There are many times when a task calls for a simple python script. It is
usually something small that takes some input file as a parameter, does some
processing, and then spits out some results. It might even take an options or
two. It’s tempting to just throw some lines of code into a file and be done with
it. This may work but often just makes things more difficult later.
Consider the following code (let’s creatively call it do_stuff.py)
which simply converts the input to uppercase:
What happens, however, when it grows a little bit and we add a function?
What happens if we want to include that function into another file? Then
importing do_stuff.py will cause the for loop to run. A much better solution is
to do all of the ‘scripty’ stuff in a main function that only gets called if
the file is called as a script (as opposed to being imported as a library):
That’s a lot of code for a simple task. Well it doesn’t necessarily require
much typing to enter thanks to the
SnipMate plugin for
vim. By adding the following code in ~/.vim/snippets/python.snippets we can
create almost all of the code by typing start and hitting tab right
at the beginning of the script.
This will create the main function and position the cursor within the usage string
thus making it a snap to write some quick documentation of what this script will do.
The num_args variable is there to make sure the user enters the right number of
arguments. Otherwise the script exits with an error. The rest of the processing code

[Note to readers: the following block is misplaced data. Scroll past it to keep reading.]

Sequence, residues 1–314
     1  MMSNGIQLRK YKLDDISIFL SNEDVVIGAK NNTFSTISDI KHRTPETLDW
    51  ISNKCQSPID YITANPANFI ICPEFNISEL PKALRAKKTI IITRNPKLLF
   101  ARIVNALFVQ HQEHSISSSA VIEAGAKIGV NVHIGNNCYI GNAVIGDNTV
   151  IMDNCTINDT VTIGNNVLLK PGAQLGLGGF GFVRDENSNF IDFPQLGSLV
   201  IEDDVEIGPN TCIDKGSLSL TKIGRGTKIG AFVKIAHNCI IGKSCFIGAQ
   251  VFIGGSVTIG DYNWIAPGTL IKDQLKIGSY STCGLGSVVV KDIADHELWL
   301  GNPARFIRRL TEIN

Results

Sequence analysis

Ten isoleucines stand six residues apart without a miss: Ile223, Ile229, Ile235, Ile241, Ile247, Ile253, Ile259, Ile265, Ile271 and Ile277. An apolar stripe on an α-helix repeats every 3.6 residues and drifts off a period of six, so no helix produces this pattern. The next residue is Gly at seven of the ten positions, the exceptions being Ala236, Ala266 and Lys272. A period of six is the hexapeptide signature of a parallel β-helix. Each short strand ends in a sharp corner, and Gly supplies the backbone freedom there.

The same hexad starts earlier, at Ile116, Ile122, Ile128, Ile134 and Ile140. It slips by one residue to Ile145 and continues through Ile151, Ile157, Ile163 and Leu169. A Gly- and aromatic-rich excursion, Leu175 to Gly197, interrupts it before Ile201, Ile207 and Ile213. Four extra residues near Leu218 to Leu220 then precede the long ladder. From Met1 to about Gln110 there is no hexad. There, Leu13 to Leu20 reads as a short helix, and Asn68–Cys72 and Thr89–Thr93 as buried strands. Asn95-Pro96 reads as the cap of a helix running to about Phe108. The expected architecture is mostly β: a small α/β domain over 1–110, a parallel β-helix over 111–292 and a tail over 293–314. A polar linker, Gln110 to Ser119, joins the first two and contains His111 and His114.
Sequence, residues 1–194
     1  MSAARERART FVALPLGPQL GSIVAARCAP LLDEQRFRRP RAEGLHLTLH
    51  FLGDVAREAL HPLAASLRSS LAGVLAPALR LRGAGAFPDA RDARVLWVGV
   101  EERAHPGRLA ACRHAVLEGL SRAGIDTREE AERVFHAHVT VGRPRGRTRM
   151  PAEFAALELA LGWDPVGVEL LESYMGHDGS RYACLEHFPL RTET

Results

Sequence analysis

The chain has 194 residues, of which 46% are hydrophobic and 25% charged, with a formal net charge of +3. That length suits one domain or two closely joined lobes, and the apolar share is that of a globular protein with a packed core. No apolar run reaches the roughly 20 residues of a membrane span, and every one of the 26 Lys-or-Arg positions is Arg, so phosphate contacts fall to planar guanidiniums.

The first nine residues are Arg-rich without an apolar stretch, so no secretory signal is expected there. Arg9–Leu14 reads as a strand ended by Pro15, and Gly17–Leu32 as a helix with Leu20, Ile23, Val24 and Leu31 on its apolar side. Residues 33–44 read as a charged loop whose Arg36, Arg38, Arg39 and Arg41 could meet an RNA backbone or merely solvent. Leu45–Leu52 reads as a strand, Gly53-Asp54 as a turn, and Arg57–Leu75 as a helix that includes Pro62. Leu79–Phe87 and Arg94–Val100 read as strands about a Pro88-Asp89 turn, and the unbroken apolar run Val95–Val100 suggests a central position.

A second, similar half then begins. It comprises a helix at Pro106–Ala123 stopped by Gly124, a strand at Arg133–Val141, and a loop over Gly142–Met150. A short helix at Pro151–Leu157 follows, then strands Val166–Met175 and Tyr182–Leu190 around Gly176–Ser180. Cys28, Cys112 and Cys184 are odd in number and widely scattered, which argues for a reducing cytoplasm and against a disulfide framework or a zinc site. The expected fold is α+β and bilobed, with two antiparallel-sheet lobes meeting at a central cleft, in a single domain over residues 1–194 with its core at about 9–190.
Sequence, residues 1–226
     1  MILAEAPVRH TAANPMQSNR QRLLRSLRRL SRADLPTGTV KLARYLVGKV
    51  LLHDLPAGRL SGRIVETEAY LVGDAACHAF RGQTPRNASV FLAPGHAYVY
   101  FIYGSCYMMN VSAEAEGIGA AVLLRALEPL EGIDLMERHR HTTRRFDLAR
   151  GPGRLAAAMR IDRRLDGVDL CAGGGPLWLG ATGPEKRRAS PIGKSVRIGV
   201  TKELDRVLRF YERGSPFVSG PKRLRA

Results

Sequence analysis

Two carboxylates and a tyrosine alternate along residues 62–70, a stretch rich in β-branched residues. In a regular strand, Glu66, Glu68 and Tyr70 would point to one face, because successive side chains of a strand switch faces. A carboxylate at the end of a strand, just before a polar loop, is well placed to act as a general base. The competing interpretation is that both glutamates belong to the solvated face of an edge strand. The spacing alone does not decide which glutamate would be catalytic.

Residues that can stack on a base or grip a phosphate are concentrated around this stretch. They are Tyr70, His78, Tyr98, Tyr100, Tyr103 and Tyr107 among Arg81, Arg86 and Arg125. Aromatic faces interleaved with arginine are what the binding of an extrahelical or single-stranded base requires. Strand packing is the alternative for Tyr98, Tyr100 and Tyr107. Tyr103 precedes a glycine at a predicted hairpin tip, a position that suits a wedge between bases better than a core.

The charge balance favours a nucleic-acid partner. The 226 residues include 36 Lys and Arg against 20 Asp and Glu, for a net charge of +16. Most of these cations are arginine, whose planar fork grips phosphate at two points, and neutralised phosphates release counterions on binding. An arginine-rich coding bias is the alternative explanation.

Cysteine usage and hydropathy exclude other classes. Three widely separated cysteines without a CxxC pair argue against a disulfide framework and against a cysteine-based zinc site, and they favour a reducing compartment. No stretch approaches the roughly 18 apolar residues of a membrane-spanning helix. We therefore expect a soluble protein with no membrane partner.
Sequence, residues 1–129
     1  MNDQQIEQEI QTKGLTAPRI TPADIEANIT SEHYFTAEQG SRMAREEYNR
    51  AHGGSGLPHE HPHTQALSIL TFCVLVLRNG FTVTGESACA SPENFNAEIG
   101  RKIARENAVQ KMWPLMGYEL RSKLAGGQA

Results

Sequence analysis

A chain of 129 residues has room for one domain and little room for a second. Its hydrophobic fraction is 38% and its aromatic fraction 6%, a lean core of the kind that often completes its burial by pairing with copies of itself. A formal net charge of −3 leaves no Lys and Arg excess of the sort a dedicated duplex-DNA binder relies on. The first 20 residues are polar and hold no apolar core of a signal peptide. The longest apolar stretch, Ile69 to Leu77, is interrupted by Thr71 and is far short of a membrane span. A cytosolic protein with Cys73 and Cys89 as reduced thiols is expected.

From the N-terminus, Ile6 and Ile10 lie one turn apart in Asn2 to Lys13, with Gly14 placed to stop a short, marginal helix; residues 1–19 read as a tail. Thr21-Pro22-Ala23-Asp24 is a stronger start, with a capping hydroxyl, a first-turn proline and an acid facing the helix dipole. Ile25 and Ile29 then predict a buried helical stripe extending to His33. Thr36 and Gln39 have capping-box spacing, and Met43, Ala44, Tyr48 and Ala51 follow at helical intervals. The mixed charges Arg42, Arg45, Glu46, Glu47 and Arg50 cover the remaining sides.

should go directly after the if statement. When scripts are written in this manner,
they can be painlessly turned into libraries at a future point in time.
Scaled Colormap in Matplotlib
05 Sep 2014
I often have to create plots where the color of some element reflects an
underlying value. This mapping of color -> value is generally easily
accomplished by using colormaps in matplotlib. The standard provided colormaps
(such as cm.jet or cm.cool) map values over the interval [0,1]. Often times,
however, our data will have a different range and will need to be normalized in
order for it to be mapped to the full range of available colors.
The example below illustrates what the color range looks like without the
normalization (top two plots) and with the normalization (bottom plot).
Notice how the unnormalized [-1,1] input values have a dark blue color over the
left half of the second plot. This is because cm.jet(-1) = cm.jet(-.5) =
cm.jet(0.) Values outside of cm.jet’s accepted input range of [0,1] all
return the same color. By using the Normalize class, the input values are
scaled to the [0,1] input range and the output colors span the entire range of
the colormap (third plot).
Fast 3D Vector Operations in Cython
26 Feb 2014
The numpy library provides a plethora of fast functionality using for vectors. The question is, can we improve upon it by using cython and assuming vectors in three-dimensional space. Let’s take the following two functions which are not provided by numpy, but easily implemented. The first simply calculates the magnitude of a vector, while the second calculates the distance between two vectors.
Now let’s take the equivalent implementation in cython. The only major difference from the pure code is the definition of the data types and the handling of each value individually without any loops.
Finally, the timing:
Using the cython implementation leads to a nearly three-fold decrease in the running time for the vec_distance function and an almost two-fold decrease in the running time for the magnitude function. The cytvec implementation can simply be copied into a file (let’s say cytvec.pyx) and compiled into a module by following the instructions in the cython tutorial.
An already compiled implementation can be found in the forgi package under forgi.threedee.utilities.cytvec.